Jesus' ministry of healing, of making us whole, is all about helping us recover our vital balance in which the spiritual, mental and physical aspects of our lives are integrated around a centre or core that holds everything together.  That is the message of the gospel story for today.  "Your sins are forgiven...take up your mat and walk!"   Healing the body and mind, and forgiving sins are part of the same process of healing.  Inner healing, the healing of memories, dealing with guilt and the past, restoring relationships through forgiving and accepting forgiveness, learning to trust and to love, discovering hope, even becoming a child again in order to get fresh perspective and learn to walk again  are the keys to the way in which Jesus wants to make us whole.  And we can recover this vital balance even if we are not physically as well as we would like, or our mental faculties are beginning to weaken. 

What is fundamental for a balanced life according to Christian faith  is that our lives are centred in Christ.  That is why we are here today sharing in this Eucharist.  That is why we read the gospel day by day.  That is why we pray. That is why we have AHA moments when we share with those in need.  And in doing so, each day we regain our balance and become whole.  You can't become a balanced person without becoming centred day by day, just as you can't learn to ride a bicycle unless you keep trying.

Lent is a good time to work at restoring balance to our lives because it draws our attention to the spiritual disciplines that are so fundamental for doing so. how to meditate on the gospel, get centred in our prayers, practice the presence of God, and live lives of compassion and caring.  Lent is not meant to make us pious ascetics through much fasting in order to prove how spiritual we are.  Its purpose is not to batter our bodies, though some of us might need the equivalent of a chainsaw in order to get balanced.   But as we journey with Jesus and the disciples towards Jerusalem and the cross we are once again helped to find the centre around which everything else turns -- God's love and grace towards us in Christ through which we find forgiveness and wholeness again.  In this way we might even be  turned into something beautiful for God.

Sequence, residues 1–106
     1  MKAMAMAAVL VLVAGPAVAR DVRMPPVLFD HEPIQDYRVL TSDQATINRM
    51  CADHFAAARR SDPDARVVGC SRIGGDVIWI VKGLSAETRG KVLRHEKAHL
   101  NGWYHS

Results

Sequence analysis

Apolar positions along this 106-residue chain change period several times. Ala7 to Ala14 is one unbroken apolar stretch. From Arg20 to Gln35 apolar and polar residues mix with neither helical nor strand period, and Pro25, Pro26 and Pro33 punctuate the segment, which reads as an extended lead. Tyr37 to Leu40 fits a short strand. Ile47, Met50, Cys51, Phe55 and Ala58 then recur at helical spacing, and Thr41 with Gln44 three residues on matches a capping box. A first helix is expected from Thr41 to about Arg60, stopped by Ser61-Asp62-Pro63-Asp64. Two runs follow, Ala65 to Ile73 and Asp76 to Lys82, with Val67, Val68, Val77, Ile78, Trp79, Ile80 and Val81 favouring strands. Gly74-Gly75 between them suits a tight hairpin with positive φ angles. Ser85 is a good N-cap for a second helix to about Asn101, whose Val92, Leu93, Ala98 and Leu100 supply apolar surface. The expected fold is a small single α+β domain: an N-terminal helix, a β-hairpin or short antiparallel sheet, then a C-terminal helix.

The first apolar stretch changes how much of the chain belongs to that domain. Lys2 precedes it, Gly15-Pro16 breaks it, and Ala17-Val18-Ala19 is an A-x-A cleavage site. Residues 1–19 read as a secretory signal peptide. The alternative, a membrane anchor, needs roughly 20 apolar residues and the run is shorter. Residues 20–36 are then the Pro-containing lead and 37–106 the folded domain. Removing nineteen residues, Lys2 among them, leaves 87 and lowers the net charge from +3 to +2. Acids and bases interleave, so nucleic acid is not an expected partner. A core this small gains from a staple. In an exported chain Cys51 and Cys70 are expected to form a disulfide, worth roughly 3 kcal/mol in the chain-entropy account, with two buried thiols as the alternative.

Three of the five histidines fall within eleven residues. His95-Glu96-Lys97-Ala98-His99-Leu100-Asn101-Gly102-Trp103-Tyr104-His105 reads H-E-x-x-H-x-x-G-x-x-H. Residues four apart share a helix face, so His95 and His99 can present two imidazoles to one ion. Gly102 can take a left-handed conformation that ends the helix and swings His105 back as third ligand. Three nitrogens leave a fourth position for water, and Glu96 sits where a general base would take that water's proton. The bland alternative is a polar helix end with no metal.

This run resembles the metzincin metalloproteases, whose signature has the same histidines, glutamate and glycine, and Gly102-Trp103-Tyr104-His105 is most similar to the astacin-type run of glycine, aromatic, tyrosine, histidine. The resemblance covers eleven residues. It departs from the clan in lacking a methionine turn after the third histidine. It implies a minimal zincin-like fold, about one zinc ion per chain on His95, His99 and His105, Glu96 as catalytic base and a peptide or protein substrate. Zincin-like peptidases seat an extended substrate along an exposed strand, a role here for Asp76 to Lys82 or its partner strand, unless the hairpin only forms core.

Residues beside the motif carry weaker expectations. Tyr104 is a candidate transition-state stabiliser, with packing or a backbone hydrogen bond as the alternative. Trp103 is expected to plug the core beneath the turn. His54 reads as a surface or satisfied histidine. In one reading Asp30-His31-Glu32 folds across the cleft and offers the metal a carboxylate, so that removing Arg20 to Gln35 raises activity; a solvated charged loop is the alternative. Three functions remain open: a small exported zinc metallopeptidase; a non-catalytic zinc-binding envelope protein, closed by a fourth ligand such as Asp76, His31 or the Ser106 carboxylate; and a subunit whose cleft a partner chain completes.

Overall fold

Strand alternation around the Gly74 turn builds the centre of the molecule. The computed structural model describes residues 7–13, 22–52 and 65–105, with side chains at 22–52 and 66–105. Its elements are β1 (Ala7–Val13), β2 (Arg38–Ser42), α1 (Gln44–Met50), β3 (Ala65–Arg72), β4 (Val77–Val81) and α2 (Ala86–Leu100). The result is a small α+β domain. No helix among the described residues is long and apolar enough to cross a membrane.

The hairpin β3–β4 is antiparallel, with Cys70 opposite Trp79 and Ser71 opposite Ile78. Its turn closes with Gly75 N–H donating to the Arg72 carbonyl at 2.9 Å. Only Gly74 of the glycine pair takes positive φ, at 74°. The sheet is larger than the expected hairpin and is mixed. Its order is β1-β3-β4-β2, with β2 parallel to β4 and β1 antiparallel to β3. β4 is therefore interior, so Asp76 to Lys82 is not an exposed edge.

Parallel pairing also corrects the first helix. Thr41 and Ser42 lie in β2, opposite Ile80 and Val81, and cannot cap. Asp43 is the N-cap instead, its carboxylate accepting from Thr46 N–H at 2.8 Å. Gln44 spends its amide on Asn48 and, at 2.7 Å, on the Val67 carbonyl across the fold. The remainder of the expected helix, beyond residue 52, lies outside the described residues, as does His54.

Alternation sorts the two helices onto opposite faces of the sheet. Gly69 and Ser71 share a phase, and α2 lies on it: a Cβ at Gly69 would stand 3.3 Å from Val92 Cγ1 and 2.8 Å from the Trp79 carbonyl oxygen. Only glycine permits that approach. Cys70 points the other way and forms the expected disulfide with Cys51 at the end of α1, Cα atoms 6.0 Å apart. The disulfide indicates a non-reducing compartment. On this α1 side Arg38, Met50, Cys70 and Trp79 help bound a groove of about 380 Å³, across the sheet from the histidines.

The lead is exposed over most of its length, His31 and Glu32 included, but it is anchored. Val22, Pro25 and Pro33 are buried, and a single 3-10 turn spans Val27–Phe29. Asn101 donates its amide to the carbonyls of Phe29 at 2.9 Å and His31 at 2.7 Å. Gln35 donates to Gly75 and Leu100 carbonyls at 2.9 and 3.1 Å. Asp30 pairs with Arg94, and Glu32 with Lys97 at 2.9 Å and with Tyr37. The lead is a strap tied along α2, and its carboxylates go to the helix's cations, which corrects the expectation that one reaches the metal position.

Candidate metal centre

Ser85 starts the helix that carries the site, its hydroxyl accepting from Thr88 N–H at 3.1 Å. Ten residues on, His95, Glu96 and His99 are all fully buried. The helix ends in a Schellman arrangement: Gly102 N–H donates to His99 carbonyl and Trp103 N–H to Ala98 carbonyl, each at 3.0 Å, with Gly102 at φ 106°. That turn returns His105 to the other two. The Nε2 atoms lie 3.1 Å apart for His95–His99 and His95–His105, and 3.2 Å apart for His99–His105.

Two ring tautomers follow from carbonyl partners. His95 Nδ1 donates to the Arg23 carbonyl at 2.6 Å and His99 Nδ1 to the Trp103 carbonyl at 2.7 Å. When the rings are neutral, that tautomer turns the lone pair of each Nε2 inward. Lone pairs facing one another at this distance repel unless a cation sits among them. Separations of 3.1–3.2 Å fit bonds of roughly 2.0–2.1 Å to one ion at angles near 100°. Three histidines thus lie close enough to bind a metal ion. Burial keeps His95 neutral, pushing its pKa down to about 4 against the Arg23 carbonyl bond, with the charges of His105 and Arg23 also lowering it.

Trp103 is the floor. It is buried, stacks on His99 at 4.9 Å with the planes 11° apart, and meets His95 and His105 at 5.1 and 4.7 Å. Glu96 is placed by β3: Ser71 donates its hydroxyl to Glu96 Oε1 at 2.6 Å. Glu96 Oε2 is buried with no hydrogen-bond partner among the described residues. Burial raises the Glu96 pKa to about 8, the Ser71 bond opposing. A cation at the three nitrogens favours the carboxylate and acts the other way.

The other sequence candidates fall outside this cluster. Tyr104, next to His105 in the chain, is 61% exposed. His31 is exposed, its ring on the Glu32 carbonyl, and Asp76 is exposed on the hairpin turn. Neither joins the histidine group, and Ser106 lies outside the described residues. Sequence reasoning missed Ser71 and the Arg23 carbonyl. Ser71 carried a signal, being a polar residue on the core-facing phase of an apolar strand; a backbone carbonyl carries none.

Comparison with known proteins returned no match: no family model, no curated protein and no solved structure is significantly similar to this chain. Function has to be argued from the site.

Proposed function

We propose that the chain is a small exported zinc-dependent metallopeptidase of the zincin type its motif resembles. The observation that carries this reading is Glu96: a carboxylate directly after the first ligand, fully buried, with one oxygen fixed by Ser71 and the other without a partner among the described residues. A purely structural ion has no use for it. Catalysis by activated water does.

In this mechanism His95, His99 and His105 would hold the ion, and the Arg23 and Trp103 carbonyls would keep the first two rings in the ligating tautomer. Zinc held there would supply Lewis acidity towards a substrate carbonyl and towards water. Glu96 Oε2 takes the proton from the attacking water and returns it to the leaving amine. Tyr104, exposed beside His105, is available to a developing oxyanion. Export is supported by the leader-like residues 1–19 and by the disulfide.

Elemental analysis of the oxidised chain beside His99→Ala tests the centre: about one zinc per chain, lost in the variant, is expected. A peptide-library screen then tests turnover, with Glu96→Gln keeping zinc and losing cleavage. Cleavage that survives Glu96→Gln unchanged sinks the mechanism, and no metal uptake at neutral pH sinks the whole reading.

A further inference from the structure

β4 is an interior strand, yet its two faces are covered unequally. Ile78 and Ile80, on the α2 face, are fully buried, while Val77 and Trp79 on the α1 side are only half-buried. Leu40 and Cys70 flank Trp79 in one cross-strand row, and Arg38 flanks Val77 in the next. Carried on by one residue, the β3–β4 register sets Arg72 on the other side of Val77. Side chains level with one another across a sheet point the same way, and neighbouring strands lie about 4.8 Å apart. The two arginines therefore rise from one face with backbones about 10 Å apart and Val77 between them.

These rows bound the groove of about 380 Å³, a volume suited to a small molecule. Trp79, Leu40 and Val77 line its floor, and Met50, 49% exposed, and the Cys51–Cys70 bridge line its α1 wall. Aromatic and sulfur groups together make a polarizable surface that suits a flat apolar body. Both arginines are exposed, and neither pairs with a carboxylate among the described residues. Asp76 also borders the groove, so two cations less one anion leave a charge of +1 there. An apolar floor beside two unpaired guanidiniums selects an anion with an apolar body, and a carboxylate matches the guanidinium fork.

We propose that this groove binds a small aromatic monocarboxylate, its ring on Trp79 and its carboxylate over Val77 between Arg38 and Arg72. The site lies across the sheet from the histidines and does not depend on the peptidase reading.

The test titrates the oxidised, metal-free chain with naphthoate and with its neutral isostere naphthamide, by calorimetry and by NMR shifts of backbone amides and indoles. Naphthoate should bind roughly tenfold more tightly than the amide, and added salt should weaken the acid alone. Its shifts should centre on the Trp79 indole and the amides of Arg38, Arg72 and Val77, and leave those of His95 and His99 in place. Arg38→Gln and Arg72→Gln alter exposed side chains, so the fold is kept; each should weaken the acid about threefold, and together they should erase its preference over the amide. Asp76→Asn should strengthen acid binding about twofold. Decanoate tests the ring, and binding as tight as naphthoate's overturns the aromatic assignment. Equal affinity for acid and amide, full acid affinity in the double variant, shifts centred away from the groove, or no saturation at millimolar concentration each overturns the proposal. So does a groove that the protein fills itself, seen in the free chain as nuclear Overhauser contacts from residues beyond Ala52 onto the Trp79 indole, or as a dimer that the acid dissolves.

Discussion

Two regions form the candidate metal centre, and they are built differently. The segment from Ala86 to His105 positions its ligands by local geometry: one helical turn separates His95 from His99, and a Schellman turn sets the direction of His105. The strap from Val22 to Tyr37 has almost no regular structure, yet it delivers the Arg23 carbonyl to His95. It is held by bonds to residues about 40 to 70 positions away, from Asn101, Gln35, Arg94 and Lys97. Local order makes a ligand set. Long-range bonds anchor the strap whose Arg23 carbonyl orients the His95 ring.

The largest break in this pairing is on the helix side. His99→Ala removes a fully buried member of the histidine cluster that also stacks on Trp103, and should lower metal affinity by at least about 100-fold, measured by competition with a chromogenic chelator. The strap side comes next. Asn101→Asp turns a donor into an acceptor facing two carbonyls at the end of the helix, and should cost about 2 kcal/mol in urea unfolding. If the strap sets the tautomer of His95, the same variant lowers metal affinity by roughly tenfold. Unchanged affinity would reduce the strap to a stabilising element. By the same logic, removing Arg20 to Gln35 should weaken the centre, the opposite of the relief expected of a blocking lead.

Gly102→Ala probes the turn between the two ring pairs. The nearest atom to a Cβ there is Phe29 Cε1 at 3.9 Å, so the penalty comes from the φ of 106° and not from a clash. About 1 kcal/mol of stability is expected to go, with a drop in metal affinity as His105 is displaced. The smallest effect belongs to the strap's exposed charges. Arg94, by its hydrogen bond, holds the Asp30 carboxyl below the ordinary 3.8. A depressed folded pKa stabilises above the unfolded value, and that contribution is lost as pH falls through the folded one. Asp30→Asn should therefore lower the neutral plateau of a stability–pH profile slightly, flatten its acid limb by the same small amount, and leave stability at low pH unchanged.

John de Gruchy

Volmoed 12 March 2015

Monday, 2 March 2015

Meditation: TURNING THE SOUL by John de Gruchy

TURNING THE SOUL

Isaiah 64:1-8
Matthew 9:9-13
"We are the clay and you are the potter."
"I have come to call not the righteous but sinners."


The Abbot, who recently read my new  book Sawdust and Soul, asked me to give a meditation on "turning the soul."  So I have been obedient and prepared one.  But first I want to demonstrate how not to interpret the Bible, just in case some of you missed the workshops on Biblical Interpretation during the past fortnight. We know that we can prove most things from the Bible, and we also know that it is not a good idea to read into the Bible what is not there.  And that, of course, was the danger in doing what the abbot asked me to do.  For where in the Bible is wood turning mentioned, let alone turning the soul?